Sunday, October 30, 2005

The Ideal Political Platform Part #3: Foreign Policy

In the last two weeks I have outlined a political platform that takes the best elements of liberalism and conservatism (in the classic sense), and added some additional points regarding current environmental realities that require greater government intervention than previously anticipated. Given the extreme importance of foreign policy issues, however, particularly issues related to national security and confronting Islamofascism (we need to start by calling it what it is), a political philosophy that is not matched with a coherent foreign policy agenda cannot be taken seriously.

In this piece I am not going to argue about the proper number of troops in Iraq or whether bilateral negotiations with North Korea would be preferable to the current multilateral process because I am not a military or international security expert. I am constantly amazed by how many bloggers and mainstream editorialists seem to believe that they are qualified to speak on such matters when they clearly are not (Hint: reading a few books and newspapers isn’t enough to tell generals what they should be doing; I’m sure I also have been guilty of over-stepping my bounds in this area as well). What I am going to do is lay out some over-arching themes that I think are reasonable, just, and would resonate with large numbers of Americans, who are disgusted with both the strident militarism of the Right and the knee-jerk pacifism of the Left.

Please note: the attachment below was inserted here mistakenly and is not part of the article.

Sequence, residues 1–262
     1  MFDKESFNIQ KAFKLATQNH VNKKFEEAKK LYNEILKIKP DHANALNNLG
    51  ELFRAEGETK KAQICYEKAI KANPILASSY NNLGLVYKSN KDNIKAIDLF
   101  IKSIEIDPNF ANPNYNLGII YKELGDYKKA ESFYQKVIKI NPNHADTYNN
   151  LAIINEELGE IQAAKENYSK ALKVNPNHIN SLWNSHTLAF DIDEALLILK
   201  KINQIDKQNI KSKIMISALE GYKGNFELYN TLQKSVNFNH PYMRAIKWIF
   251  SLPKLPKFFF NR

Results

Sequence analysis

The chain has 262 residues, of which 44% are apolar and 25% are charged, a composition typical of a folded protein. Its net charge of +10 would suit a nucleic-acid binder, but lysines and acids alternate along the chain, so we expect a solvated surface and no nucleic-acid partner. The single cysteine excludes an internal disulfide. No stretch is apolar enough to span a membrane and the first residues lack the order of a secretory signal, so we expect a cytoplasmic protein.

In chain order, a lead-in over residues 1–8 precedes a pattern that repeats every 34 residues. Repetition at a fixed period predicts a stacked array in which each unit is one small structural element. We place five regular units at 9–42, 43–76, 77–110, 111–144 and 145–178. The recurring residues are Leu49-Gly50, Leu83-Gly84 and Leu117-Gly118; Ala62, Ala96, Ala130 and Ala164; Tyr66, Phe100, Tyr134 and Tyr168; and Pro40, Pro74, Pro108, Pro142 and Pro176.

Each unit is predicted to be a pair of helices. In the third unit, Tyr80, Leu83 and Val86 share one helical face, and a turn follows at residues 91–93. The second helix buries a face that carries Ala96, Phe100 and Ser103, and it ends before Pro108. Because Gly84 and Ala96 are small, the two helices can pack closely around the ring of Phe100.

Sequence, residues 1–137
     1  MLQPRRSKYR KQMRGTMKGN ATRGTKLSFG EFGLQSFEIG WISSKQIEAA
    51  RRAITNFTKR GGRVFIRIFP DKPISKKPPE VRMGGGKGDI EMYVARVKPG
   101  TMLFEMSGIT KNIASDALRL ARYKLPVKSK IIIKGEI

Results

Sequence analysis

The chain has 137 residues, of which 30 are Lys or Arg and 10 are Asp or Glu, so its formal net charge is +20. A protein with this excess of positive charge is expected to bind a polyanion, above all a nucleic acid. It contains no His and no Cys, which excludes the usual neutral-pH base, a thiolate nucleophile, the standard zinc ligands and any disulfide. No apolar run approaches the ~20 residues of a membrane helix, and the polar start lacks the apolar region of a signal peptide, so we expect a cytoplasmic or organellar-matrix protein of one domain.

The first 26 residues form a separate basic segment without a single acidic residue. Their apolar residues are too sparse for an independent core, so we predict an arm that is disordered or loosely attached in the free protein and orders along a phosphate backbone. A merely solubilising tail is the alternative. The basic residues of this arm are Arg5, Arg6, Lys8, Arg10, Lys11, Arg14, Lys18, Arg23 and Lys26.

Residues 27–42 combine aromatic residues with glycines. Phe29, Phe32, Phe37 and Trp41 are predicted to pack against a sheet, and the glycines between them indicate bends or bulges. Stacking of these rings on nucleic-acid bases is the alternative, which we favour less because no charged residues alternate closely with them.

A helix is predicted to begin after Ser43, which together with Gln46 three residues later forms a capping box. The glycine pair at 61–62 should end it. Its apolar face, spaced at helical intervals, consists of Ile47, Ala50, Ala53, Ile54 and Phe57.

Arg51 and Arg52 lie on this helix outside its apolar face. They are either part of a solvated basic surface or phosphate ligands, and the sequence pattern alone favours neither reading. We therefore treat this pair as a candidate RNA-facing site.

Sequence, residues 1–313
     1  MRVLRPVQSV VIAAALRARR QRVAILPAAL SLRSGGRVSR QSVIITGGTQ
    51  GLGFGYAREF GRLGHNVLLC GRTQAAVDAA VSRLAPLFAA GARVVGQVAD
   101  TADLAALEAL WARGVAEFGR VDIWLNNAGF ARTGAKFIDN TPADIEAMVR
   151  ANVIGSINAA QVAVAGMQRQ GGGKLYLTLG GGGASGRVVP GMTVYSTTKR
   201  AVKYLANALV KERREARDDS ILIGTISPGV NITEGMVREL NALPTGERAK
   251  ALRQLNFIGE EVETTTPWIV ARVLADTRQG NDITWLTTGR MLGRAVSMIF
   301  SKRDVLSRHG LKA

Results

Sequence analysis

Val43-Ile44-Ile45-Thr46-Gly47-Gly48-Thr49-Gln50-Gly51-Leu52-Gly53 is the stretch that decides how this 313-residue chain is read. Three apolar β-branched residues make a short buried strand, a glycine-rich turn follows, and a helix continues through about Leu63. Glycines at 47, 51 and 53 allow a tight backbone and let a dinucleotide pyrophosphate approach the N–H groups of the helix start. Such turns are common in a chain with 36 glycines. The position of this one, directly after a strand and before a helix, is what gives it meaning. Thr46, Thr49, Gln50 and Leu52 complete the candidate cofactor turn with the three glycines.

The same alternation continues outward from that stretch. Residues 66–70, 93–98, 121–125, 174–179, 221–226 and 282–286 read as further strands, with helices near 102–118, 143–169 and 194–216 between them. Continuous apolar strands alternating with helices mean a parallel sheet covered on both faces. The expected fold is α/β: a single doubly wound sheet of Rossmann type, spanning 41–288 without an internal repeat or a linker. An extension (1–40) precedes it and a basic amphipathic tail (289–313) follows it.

Ideally, our future political party would incorporate the following three themes into their foreign policy platform: